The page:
Teaching the right way- By Rithika Vinod Rao

Haven’t we all heard something on the similar lines of “We were lucky enough to be birthed before the era of technology took over” by someone who is elder to us?

As humans we all need at least some amount of interaction with our fellow mates. To see, touch, talk and listen. This is what separates us from other living organisms. But since the emergence of technology, this interaction has been limited. While children are more attracted to playing video-games secluded at homes rather than going out and playing a game of badminton, schools and colleges yet again proved the be a rescuer for the generation, in providing that basic interaction to the younger ones.

But Alas, this unfortunate pandemic robbed us of that contentment as well, and got us introduced to a virtual learning setup. A brand-new experience for the majority. Also, is this method of virtual learning really effective? Is it really fulfilling the whole purpose of this institution?

As rightly said by M. Scott Peck, “All human interactions are opportunities either to learn or to teach.” Though the education system and the teachers are trying their best to come up with ways and techniques that could enable students better understand the content of the subjects, students are finding it difficult to cope with the online teaching style, far be from enjoying or learning from this experience. Teachers are also having a hard time in value deliverance and trying to establish a connect with the students on a one-on-one basis. This has undoubtedly created a huge learning gap between the two entities.

When we talk about a virtual classroom, we forget that no two people have the same circumstances. There might be some who enjoy a proper study environment, whereas on the other hand, one might not even find a quiet spot to attend and pay adequate amount of attention in the ongoing class.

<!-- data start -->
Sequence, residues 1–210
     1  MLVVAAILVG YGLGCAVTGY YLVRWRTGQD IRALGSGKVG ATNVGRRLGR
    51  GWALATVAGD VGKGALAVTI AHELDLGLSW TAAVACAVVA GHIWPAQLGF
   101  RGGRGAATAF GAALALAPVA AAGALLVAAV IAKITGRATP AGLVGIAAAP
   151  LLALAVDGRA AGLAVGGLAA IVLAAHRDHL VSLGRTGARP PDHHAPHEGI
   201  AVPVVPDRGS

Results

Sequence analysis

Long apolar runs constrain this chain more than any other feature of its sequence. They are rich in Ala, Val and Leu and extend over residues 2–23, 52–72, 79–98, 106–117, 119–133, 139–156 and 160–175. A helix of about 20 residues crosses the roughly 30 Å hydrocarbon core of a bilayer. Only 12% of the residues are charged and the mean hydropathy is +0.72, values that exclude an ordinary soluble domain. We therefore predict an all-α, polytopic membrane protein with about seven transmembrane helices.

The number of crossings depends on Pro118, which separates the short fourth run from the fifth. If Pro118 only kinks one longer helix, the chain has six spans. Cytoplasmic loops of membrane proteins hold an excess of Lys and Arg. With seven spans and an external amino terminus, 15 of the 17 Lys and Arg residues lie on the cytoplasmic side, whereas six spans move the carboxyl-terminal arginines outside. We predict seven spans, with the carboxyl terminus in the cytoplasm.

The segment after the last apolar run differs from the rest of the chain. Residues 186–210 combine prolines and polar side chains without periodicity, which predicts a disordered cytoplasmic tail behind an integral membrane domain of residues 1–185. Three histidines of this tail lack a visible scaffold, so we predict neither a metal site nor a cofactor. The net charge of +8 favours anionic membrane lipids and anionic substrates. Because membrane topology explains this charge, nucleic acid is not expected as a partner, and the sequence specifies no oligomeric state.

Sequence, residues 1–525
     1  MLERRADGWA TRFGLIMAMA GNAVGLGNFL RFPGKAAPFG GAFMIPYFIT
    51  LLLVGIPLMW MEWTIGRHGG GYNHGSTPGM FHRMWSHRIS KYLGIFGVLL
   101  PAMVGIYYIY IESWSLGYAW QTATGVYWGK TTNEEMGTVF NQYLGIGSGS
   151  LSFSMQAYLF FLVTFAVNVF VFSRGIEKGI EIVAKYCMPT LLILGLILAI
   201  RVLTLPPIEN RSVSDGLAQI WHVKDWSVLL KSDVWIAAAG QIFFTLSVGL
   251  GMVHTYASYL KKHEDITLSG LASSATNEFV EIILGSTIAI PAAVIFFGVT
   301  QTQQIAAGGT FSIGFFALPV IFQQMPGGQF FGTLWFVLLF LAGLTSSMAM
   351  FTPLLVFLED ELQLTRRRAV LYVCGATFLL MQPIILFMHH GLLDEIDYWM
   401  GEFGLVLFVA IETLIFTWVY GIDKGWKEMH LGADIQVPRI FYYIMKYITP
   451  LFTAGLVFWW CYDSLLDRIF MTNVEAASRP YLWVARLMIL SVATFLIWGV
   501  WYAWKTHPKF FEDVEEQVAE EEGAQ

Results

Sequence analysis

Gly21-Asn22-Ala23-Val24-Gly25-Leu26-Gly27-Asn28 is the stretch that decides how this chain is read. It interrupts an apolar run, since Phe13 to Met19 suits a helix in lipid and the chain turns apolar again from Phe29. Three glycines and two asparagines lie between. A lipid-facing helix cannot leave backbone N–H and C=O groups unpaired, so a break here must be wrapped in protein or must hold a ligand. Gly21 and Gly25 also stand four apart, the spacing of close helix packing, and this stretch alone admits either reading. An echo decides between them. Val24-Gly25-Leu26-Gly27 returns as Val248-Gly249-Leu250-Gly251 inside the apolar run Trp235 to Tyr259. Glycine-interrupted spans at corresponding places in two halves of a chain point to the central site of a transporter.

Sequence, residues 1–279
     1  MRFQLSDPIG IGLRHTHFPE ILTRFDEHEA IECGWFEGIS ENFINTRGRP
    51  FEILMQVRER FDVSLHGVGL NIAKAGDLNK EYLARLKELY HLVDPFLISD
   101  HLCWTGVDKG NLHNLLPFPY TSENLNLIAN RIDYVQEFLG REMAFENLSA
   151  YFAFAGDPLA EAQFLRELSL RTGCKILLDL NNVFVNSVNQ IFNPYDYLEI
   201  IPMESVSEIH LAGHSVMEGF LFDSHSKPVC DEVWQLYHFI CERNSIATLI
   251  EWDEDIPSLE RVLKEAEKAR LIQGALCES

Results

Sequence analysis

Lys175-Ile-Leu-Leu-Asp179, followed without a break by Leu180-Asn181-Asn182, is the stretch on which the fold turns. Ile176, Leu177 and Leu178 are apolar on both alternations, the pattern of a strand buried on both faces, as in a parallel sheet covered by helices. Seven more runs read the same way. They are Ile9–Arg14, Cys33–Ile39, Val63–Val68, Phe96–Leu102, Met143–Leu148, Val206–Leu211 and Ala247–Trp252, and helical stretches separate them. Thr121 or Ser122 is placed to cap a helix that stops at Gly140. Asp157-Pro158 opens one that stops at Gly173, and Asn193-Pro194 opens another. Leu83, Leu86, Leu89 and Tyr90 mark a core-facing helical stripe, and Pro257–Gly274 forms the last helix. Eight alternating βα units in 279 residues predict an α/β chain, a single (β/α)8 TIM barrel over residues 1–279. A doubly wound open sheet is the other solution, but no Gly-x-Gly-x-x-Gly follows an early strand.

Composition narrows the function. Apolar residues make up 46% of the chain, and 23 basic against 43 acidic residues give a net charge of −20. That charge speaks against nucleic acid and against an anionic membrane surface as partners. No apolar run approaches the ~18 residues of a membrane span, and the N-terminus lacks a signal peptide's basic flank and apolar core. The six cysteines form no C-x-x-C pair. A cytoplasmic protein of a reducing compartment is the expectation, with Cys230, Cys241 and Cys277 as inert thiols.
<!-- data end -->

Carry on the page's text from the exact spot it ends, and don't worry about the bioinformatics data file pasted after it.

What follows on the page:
If we consider a broader aspect, the rural areas have had a different experience when compared with that of the urbans. While some even dropped out, according to the 15th Annual Status of Education Report (ASER 2020) Rural, 11% of the rural families have bought new phone since the lockdown and 80% of which were smartphones. Coping with new technology, internet expenses, the domestic environment are just some examples of barriers that might come in the way of one’s enthusiasm to attain education. The online platform might also have been a sort of relief for some, as it saved their time and energy from travelling to long distances to attend schools or colleges. So, it has also managed to work in favour of many for various reasons.

The environment in which a student and a teacher interact is considered to be of great importance. Wherein, even in a class full of students, a teacher could see and monitor everyone’s activities. Whereas in a virtual setup, let alone mentally, the teacher has no clue if the student is even present physically. Some students are even believed to make fun of their respected teachers for the problems they face due to their inability in handling the latest technology. Rather than cooperating or trying to understand the anxiety and dilemma of the teachers, students are also found taking undue advantage of this virtual platform and harassed their teachers. Logging in from a different id and using a foul language, muting or removing the teacher from a meeting, giggling, are things which are not acceptable. And our education system fails to but should cultivate in the students from an early stage, the right behavioural conduct in any given situation. The Bhaghpat incident shed some light on this topic, where a teacher is seen beating two of her students with a cane because they had allegedly sent her inappropriate messages, thinking they would get away with it as the online setup is here to stay. The ordeal created by this experience is immeasurable. The real question is, why aren’t these factors even remotely considered before declaring us as educated individuals?